Manish Mundra, the man behind Drishyam Films and famous movies like Ankhon Dekhi (2014), Massaan (2015) and Newton (2017), started in the petrochemical industry. Even as a child, Mundra says he was acutely aware that making movies costs money and that’s why he decided he would first make a lot of money through the corporate route and then return. in the cinema, his only true love. After almost a decade as a producer, Mundra makes his directorial debut with Siya, with Pooja Pandey and Vineet Kumar Singh. The film chronicles the life of a rape survivor who is determined to seek justice for herself. It’s a difficult subject, both for a director and for the actors, especially for Pandey who plays the main role. Singh was a huge help on set and helped “guide newcomers,” Mundra said. At this time, on the eve of Siyade, Mundra is already looking to the future. He told us he’s already finished the script for his next film – it’s a love story – and plans to start filming in January 2023.
Here are edited excerpts from our conversation with Mundra.
What about Siya attracted you?
I felt it was important to talk about the survivor and their family and what they are going through. Rape is a heinous crime and it is committed by whoever holds power. It can be money or education or whatever they have. They think they can do anything to victimize a woman and they can get away with it because they have the power and no one wants to talk. The survivor and family have a choice — whether they want to talk about it, whether they want to seek justice, or whether they want to remain silent. If they decide to go the justice route, it’s very difficult in the sense that they don’t get that closure and they have to fight these people who become very antagonistic in terms of pressure tactics, harming to the family and create roadblocks. This is where I wanted to take the audience and sit with the family and the survivor through the journey of what happens after the crime.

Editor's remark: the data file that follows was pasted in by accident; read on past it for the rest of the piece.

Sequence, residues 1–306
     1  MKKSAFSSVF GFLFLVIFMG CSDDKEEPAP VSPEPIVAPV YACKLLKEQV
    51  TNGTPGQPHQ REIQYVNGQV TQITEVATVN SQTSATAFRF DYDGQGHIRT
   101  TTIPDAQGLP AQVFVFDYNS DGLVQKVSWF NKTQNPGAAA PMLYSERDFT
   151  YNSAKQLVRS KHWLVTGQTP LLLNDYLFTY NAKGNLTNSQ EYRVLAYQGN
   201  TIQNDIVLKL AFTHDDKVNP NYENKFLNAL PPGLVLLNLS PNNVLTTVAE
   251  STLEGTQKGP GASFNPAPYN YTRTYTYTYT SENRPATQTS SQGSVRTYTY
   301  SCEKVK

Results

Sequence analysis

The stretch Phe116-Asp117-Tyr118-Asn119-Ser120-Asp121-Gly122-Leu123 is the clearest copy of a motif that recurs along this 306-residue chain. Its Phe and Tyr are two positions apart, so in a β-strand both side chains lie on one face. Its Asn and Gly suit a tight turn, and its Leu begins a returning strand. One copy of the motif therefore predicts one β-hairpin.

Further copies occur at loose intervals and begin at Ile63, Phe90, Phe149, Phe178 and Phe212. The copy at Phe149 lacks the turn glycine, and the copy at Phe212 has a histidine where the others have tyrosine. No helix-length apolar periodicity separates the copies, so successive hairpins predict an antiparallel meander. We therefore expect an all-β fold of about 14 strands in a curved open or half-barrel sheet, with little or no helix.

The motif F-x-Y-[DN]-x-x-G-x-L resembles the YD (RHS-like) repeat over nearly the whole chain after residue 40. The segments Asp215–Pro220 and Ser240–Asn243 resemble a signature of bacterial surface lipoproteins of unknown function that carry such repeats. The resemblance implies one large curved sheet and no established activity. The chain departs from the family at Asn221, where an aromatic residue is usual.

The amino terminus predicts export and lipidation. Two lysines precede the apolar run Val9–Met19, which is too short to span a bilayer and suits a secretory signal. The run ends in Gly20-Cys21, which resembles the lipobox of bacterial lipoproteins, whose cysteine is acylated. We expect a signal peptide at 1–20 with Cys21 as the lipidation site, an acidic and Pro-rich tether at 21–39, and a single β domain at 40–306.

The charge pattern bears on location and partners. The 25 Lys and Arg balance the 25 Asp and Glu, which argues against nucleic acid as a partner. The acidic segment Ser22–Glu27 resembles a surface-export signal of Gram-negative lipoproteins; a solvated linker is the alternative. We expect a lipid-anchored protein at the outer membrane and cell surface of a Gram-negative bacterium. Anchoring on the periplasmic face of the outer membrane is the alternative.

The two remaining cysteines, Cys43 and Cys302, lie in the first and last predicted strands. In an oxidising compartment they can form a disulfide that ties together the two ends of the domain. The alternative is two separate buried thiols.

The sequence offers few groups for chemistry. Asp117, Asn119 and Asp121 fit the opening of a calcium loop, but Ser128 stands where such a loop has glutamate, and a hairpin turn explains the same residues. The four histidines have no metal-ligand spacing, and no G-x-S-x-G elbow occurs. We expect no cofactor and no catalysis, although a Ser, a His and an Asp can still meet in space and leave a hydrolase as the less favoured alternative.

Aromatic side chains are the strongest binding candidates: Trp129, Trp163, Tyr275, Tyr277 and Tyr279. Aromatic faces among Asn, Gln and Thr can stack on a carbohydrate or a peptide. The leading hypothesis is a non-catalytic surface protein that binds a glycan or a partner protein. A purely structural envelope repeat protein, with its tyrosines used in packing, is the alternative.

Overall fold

The film touches on a lot of sensitive topics. How did you process it to ensure it was appropriate?
Yes, it’s a sensitive subject, I knew it from the beginning. That’s why I wanted to avoid preaching and trying to sort things out in a very agenda-driven way. I wanted to have a truthful story and I was very clear and confident about how I wanted to say this. For example, we didn’t use a single swear word in the film. I didn’t want to ruin the image of the village, the court, the individual or the police. I didn’t want to show them in a negative light. I just wanted to show that there is something wrong somewhere and why the people who are supposed to protect us sometimes ignore this duty.
What prompted you to try your hand at directing?
I’ve always thought about making films, but since I haven’t made films, it becomes difficult to make this transition. The best thing I thought was to identify good filmmakers, writers, and directors and help make those movies, to get into the industry and understand its nuances. Over the years, I’ve met a lot of directors and seen a lot of films made. By being on the sets and on the editing tables, I gained confidence. I waited for the right subject. When Siya came up, I thought that was the right topic to lead.
What are you looking for in a story? How does that differ when you consider him as a producer and as a director?